Shipyards are notoriously vulnerable to the vagaries of world trade volumes with orders drying up or delayed at the whim of the markets. The same is true for airplane manufacturers and heavy truck manufacturers. It might make sense for some partial decoupling to take place whereby the shipyards et al, not only build the ships, planes, or trucks, classify and insure but also, probably through some allied company partly owned by financial institutions, retain ownership of the vehicles and lease them to the logistic companies. They would then have some control over the models they produce (currently ships are pretty much one-offs no matter that they are sister vessels, there is always some individuality creeping in) and of the pace of production with the leasing company acting as buffer between supply and demand. This works for both shipping companies, shipyards, and governments which bankroll (in various roundabout ways) shipyards. They have had to do this as slumps in ship orders cause major unemployment issues. When it is not done, then the ship-building industry folds in that country as in, for example, the UK. Decreasing the variation in production of ships will also allow greater automation in an industry that has always depended on lots of low-cost labour.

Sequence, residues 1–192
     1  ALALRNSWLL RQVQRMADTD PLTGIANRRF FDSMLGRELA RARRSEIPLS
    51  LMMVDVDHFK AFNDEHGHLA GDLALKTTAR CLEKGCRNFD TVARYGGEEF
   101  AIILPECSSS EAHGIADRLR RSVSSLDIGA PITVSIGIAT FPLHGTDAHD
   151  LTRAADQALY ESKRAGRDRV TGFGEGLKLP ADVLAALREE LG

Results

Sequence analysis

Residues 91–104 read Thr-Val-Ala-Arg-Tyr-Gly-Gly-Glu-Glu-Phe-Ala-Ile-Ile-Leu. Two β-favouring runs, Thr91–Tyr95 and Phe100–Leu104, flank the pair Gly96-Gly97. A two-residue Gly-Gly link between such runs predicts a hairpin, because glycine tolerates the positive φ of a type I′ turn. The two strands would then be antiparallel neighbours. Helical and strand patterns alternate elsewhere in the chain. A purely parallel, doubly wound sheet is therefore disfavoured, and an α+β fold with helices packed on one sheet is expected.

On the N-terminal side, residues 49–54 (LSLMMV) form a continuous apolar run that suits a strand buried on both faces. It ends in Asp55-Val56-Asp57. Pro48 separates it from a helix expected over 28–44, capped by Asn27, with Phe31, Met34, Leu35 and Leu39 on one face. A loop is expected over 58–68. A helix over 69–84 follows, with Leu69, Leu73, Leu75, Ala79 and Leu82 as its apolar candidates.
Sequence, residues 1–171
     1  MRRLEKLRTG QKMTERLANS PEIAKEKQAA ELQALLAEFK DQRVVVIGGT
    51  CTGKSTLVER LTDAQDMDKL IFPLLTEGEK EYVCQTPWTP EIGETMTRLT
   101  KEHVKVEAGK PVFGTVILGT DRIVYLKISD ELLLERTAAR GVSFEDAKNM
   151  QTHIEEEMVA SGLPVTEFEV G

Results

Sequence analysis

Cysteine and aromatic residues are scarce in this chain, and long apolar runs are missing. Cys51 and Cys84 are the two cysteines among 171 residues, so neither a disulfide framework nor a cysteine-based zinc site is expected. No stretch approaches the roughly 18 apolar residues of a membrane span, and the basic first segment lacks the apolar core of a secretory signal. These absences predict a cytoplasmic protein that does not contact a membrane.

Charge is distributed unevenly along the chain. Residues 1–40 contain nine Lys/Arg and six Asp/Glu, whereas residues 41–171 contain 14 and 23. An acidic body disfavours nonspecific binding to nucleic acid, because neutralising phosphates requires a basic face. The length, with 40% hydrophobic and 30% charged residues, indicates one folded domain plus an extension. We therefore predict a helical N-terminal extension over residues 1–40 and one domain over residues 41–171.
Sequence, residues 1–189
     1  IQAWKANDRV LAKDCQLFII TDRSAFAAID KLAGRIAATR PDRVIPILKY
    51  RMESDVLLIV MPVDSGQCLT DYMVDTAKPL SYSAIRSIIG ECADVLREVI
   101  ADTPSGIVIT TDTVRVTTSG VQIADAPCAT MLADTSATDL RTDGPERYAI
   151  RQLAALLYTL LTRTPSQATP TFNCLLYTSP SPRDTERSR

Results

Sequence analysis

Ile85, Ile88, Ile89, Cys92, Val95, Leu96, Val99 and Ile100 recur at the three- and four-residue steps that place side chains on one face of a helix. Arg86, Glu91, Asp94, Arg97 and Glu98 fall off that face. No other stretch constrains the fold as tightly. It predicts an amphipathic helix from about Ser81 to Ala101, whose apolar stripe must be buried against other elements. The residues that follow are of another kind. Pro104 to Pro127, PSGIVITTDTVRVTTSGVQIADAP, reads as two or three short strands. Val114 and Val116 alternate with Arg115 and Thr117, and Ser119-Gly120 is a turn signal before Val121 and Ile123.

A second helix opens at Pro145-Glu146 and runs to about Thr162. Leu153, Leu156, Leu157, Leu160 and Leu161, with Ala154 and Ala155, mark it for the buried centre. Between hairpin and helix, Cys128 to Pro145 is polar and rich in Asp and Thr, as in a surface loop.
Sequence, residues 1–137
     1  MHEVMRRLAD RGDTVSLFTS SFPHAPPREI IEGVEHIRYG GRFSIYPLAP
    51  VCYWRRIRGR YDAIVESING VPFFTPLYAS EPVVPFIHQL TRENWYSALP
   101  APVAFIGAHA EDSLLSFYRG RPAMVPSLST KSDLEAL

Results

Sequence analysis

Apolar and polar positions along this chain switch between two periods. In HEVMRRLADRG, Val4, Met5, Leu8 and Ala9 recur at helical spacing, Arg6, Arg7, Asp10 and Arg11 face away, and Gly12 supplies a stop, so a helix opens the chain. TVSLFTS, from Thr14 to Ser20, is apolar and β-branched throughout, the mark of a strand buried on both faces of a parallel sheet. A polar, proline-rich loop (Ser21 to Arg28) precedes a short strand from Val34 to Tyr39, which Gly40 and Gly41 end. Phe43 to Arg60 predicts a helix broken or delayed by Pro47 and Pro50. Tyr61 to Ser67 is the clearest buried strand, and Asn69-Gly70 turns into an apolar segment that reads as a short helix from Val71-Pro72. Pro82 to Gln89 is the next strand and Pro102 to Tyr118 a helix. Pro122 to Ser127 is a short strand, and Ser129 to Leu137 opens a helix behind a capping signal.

This still leaves the thorny optimisation of on-board crews and varying fuel prices.